The most strained interaction John Wayne ever had with a Hollywood director was with John Huston while making “The Barbarian and the Geisha,” one of his most embarrassing films.
Despite good intentions on Huston's part, Wayne was miscast as Townsend Harris, America's first diplomatic representative to Japan. Huston believed that “only one man is right for him and that's John Wayne,” his idea being that “his massive frame, bluff innocence and rough edges would be an interesting contrast to the small, highly cultivated Japanese; that the physical comparison would help serve to emphasize their dissimilar viewpoints and cultures.” Wayne was the best choice, Huston felt “to symbolize the big, awkward United States” of the past.
Wayne was the kind of actor who needed to trust his directors, but he lost his faith in Huston. And this time, he was uncharacteristically vocal about his dissatisfaction, complaining about the script and his role, which he thought damaged his image.
In one particularly unappealing scene, Wayne was thrown to the ground–with ease–by a tiny judo expert and was left sitting there with a bewildered look. He feared that his fans would not take it: “Huston made me walking through a series of Japanese pastels. Hell, my fans expect me to be tall in the saddle!”
Wayne told reporters that “the most successful films I have made have been about people, not plots and backgrounds,” and that he was “surprised at Huston's attack, that all-out go for sheer beauty like a Japanese print.” “I've endured a lot of bad scripts and bad directors,” he said, but “the time comes when you gotta speak up.” He admitted that “for a while I couldn't make up my mind whether to flat quit and go home and let them sue me, or stay and give this thing a whirl. Guess I'm in so deep now I can't back out–but the Old Duke's not happy.” A consummate professional, he felt the contract was binding, but he never worked again with Huston again.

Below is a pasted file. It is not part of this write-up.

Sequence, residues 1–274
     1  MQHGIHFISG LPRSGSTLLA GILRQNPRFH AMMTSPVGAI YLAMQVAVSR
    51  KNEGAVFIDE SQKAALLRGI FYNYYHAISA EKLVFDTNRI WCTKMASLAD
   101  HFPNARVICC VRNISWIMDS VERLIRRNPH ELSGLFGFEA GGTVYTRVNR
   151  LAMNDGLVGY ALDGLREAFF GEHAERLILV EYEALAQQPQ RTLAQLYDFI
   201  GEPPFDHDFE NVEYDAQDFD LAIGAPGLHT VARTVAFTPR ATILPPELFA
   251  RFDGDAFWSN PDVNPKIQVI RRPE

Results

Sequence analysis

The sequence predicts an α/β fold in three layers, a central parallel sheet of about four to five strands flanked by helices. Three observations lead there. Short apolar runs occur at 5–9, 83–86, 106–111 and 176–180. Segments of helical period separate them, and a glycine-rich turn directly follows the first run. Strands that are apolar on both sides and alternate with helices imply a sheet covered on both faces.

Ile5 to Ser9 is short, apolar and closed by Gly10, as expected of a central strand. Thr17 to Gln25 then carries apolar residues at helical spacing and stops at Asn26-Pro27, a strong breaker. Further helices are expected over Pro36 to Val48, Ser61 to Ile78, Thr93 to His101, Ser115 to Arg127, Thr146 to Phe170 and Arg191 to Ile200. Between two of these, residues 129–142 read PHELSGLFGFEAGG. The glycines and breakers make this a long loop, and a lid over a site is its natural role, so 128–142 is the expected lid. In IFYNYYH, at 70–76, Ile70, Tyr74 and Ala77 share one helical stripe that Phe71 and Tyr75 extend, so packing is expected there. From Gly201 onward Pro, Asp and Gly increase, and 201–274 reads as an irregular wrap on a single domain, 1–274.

Most of Wayne's fears were confirmed when the film was released. Bosley Crowther represented many reviewers when he wrote in the N.Y. Times: “John Wayne in the role of Harris appears a little bewildered and repressed, being much more accustomed to action.” And other critics were even harsher, on the film and on Wayne's performance.
The Barbarian and the Geisha was also a failure at the box-office, grossing in rentals only $2.5 million; it cost over $4 millions.
One of the major problems was the scenario, by Huston and Charles Grayson, which was unfinished when shooting began. “I found myself shooting in the daytime and writing future scenes at night,” Huston writes in his memoirs. Later, Huston learned through a trade paper that Twentieth Century-Fox changed the film's title, The Townsend Story, to The Barbarian and the Geisha, a title he never liked.
Nor did Wayne, fearing it was not sufficiently explained to the audience that the Japanese call foreigners barbarians, not just his character. “It was a good picture before it became a bad picture,” Huston claimed, still believing he made “a sensitive, well-balanced work.” He admits to making “pictures that were not good, for which I was responsible, but this was not one of them.” Huston suspects that Wayne took over after he left, because “he pulled a lot of weight at Fox, so the studio went along with his demands for changes.” By the time, “the studio finished hacking up the picture according to Wayne's instructions, it was a complete mess,” and by the time Huston saw it, “I was aghast.”
Huston considered taking legal steps to have his name removed from the picture, but upon learning that Buddy Adler, the producer, was terminally ill with a brain tumor, bringing suit under such circumstances “was unthinkable.”